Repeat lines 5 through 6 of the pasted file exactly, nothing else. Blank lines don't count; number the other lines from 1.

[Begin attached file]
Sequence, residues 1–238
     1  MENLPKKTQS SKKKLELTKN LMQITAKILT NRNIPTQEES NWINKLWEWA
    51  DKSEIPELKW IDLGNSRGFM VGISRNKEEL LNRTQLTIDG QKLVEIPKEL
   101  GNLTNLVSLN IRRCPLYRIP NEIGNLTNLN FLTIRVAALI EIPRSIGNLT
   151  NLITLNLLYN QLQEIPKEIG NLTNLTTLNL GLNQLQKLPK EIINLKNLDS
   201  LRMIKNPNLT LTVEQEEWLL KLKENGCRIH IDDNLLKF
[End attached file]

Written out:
   151  NLITLNLLYN QLQEIPKEIG NLTNLTTLNL GLNQLQKLPK EIINLKNLDS
   201  LRMIKNPNLT LTVEQEEWLL KLKENGCRIH IDDNLLKF